It’s been a week since I heard another human voice. Not counting my AI—I swear programmers code them to be annoying, pedantic little f**ks. Oh sure, I could summon an escort to walk me around the promenade, but everyone on station knows what that means. I’m not going to entertain the Corp bureaucrats for even a millisecond. Instead I’m pacing and not sleeping except when I’m forced to dream therapy by the Unit Psych, via sedation and veiled threats. Crying and eating choclaste, a synth-food with no sugar, no caffeine, and only burns your tongue slightly after you’ve eaten it.
I don’t need a mirror to know I’m a wreck. Coarse black hair standing up in long scruffy ringlets, skin pallid from lack of sunlight, and let’s not forget the circles beneath my eyes. I’ve lost four kilos since I came on station, extracted from the wreckage on Matins IV. They didn’t need to tell me Kai was dead; I was there.
And yet they did, with excruciating, patronizing precision. Fragging bastards.
Four different Psychs came to talk with me, that first day while I was lying helpless in the med bay. One of them wanted to know if I could describe the smell of burning human flesh. The Corp is full of those types, who in another time would’ve been chopping up their neighbors and burying them beneath the porch. Now they receive specialized certifications and go to work inside our heads.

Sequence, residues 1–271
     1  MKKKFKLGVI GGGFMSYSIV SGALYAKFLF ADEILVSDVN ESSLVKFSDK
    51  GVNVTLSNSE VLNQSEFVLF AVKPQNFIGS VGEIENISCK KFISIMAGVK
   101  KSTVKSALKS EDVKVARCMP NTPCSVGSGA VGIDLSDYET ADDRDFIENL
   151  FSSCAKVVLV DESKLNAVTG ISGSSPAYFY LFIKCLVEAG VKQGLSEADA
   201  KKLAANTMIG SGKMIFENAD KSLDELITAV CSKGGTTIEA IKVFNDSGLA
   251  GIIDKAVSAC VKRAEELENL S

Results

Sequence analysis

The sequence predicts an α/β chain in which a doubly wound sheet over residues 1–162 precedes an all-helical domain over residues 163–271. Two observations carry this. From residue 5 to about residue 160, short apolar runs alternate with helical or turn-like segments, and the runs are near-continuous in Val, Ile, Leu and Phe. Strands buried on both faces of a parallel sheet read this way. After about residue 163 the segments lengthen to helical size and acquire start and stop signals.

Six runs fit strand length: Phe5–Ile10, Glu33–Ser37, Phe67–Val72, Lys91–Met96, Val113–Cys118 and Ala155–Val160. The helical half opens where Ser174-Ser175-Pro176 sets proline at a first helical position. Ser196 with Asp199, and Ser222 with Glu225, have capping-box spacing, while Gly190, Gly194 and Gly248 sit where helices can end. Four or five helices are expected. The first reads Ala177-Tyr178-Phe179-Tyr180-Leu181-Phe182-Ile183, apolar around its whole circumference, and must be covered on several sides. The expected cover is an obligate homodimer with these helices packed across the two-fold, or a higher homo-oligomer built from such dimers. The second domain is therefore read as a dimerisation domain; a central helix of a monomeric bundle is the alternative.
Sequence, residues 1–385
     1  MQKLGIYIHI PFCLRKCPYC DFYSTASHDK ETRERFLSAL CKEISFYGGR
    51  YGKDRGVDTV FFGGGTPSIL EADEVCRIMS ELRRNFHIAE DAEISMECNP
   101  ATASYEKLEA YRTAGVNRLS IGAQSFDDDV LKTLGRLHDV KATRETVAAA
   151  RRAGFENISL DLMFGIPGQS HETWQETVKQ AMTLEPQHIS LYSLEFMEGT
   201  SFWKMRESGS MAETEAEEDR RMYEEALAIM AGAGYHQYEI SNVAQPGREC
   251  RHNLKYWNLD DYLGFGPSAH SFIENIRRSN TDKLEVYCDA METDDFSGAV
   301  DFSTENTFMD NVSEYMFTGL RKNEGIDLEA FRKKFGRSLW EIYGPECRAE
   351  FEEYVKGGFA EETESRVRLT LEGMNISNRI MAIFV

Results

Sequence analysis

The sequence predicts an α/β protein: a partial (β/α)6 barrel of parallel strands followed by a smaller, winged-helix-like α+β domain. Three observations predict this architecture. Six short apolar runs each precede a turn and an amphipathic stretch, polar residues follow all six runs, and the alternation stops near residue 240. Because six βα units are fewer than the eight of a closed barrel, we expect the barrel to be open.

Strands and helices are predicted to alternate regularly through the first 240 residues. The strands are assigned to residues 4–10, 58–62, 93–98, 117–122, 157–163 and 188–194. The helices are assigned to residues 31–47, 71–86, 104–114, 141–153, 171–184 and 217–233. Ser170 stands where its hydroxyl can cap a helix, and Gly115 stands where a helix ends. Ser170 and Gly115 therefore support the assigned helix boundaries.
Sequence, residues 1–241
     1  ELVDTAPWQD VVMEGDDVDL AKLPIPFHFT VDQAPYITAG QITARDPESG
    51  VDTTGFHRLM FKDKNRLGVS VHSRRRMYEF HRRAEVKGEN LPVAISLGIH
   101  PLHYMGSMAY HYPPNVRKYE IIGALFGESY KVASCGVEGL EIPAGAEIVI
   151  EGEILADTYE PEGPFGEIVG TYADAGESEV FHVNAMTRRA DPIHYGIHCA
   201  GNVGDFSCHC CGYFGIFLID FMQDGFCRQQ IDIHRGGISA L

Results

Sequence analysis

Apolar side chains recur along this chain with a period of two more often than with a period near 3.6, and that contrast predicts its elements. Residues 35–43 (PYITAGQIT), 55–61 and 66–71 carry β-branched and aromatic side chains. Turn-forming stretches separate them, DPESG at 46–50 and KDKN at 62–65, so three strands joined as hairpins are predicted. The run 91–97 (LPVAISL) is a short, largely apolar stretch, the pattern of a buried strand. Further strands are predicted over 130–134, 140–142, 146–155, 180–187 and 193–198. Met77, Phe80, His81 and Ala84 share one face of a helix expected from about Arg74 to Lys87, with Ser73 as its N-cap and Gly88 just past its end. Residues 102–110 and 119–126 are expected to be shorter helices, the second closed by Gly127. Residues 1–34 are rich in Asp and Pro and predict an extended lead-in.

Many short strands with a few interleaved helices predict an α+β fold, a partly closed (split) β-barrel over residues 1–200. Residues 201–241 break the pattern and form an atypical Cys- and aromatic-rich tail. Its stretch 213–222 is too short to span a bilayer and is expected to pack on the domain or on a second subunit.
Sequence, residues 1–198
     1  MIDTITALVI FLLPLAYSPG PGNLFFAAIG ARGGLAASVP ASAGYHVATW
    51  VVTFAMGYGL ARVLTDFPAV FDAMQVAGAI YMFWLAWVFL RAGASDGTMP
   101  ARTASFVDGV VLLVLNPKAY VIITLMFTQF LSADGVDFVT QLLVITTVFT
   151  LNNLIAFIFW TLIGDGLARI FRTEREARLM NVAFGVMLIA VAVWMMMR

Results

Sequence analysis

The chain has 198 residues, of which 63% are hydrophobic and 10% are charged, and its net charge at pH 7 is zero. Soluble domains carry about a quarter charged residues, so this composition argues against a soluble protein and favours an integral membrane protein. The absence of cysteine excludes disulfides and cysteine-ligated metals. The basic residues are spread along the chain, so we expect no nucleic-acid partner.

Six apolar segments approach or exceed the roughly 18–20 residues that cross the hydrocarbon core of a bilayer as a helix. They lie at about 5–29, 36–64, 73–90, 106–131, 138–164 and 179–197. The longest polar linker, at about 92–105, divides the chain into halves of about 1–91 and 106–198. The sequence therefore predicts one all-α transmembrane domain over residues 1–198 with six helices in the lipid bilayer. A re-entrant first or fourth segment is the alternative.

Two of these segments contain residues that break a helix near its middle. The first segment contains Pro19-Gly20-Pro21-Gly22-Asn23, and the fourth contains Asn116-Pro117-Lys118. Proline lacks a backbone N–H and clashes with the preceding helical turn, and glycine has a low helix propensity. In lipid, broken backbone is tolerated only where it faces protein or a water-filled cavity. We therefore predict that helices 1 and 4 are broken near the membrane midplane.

For a while, I pretend to meditate, giving the room-bot nothing to report. And as I’m sitting there, mimicking serenity I don’t feel, my door chime sounds. The AI informs me, “You have a visitor, Sirantha Jax. Allow entry?”
It’s either a Psych or a CO; nobody else has clearance. Mentally I shrug, and say aloud, “Why not?”
The AI objects: “I am not programmed to evaluate the prudence of an action, Sirantha Jax. Allow entry?”
I sigh. “Yeah. Allow entry.”